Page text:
A master franchisee is the utility infielder of franchising. Success is measured by the ability to manage, teach and recruit, while continuing to operate your own franchise business
4. Absentee Ownership and Conversion Franchises
For the right kind of business, with the right employees running that business, it is entirely possible – though rare – to own a franchise business and not be directly involved in its management. Rare, because it is hard enough to own and operate a successful small business even when you’re on the floor every day.
What type of business lends itself to absentee ownership? First, it must be a business that doesn’t have valuable inventory. I once had a senior executive of a muffler franchisor tell me his shops couldn’t be run by employee managers because too much of the inventory would leave at the end of the work day. Only an owner on the premises is sufficiently motivated to prevent that from happening.
Second, the business must have sufficient margins to be profitable after the expense of having a reliable manager. So many franchise businesses have razor-thin margins that limit the owner to a modest salary. So the key question then becomes: What drops to the bottom line for the owner?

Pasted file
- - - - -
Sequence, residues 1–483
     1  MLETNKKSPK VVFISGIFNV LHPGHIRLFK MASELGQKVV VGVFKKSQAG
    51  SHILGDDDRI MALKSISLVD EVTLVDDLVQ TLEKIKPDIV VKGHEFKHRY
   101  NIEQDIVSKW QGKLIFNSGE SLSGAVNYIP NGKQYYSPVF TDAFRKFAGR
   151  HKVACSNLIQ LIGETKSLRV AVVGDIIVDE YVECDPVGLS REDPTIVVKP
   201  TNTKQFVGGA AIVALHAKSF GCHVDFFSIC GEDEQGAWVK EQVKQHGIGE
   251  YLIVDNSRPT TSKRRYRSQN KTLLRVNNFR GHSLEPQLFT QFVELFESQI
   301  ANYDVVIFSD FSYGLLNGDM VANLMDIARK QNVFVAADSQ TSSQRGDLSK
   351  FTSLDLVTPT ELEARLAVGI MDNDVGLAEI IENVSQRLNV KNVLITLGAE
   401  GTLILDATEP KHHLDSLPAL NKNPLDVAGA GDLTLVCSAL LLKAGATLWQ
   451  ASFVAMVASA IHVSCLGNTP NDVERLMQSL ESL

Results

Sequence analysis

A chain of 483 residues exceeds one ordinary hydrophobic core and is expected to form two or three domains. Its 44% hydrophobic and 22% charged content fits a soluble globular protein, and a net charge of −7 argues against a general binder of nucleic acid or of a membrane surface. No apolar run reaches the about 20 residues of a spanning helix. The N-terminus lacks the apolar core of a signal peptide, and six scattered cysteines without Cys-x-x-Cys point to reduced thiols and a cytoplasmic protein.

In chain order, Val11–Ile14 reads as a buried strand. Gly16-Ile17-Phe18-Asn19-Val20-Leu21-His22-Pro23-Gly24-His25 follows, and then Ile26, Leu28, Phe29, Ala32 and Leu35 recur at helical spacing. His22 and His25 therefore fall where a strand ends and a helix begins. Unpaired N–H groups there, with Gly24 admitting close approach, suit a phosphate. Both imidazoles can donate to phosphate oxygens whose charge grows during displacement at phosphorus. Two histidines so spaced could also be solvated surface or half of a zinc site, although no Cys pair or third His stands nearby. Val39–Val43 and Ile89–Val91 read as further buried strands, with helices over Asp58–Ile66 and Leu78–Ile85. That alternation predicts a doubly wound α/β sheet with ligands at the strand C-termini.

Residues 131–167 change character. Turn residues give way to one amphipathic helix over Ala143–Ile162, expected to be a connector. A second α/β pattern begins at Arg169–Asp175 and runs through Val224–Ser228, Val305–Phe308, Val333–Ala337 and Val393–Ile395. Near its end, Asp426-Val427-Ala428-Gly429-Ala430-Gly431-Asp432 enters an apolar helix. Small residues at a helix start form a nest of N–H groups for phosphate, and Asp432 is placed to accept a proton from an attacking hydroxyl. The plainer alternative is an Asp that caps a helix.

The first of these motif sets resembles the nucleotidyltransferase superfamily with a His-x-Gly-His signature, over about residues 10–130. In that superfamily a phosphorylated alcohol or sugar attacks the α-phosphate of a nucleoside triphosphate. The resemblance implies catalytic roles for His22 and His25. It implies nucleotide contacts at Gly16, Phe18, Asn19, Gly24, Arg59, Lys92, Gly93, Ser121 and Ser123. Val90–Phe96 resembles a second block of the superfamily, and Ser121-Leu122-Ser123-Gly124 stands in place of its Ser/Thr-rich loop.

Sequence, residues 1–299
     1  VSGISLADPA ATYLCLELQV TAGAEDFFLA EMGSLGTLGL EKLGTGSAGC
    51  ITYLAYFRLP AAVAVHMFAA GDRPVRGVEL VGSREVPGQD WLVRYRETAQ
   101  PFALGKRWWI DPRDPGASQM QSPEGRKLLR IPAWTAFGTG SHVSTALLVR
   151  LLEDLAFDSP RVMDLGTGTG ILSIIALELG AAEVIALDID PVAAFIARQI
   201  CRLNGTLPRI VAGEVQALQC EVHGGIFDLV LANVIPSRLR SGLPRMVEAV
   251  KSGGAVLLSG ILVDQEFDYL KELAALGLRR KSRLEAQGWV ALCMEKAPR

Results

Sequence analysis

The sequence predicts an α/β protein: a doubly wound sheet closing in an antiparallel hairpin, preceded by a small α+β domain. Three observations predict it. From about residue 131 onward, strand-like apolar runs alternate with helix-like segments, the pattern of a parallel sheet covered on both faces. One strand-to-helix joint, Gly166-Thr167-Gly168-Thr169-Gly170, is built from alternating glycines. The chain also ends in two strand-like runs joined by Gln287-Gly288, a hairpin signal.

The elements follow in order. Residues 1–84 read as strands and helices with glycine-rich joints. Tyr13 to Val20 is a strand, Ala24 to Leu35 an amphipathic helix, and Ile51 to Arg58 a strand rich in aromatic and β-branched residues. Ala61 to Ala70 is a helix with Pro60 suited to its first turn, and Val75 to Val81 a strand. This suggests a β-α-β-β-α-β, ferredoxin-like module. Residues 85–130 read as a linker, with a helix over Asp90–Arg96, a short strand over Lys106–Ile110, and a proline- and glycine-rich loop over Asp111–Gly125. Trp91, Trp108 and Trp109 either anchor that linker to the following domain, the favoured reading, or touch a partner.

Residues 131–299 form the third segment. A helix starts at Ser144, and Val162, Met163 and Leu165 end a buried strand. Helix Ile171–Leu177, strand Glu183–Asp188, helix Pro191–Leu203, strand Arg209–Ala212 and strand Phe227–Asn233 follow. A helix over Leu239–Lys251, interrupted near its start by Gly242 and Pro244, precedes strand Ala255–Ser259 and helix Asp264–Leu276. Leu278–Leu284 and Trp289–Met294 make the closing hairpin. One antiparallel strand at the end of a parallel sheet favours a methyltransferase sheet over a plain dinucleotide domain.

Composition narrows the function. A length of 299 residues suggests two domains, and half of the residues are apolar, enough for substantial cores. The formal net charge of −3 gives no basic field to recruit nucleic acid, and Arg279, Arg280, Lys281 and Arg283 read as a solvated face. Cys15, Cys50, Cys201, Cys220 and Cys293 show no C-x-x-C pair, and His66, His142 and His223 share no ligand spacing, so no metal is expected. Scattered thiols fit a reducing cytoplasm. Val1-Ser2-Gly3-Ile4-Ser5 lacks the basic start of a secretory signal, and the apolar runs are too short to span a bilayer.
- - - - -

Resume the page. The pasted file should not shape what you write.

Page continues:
Service businesses with training programmes that can support an employee manager may meet these qualifications. It would be a mistake to assume that any franchise can prosper with an uninvolved owner, but with the right programme and a handpicked management team, it can work.
5. Buy Into a Conversion Franchise
A conversion franchise allows an existing independent business to affiliate with a national brand. Affiliation programmes have been launched by a variety of professional service providers, such as handymen, home-repair programmes and hotel chains.
Conversion franchise programmes offer an attractive balance of brand identification and buying power. If you’re operating an independent business and long for the competitive advantages of being tied in to a national reservations system or receiving local leads generated by a national or regional advertising campaign, you may want to consider joining a franchise affiliation programme in your business category.
Can you use your current business name, or do you have to completely identify with the franchisor’s brand? That depends entirely on the system.
Often, the fees paid for an affiliation programme are considerably lower than those of traditional franchise systems, reflecting the fact that the franchisee is an experienced business owner and needs less training and less support than someone new to the business.
Franchising doesn’t exist in a single investing dimension; it has developed in ways that allow virtually any level of investor in any business situation to participate. The lesson is clear: Keep looking until you find an investment that’s well-structured for your interests and needs, and you’ll probably find it in the franchise arena.
Is franchise ownership in your DNA?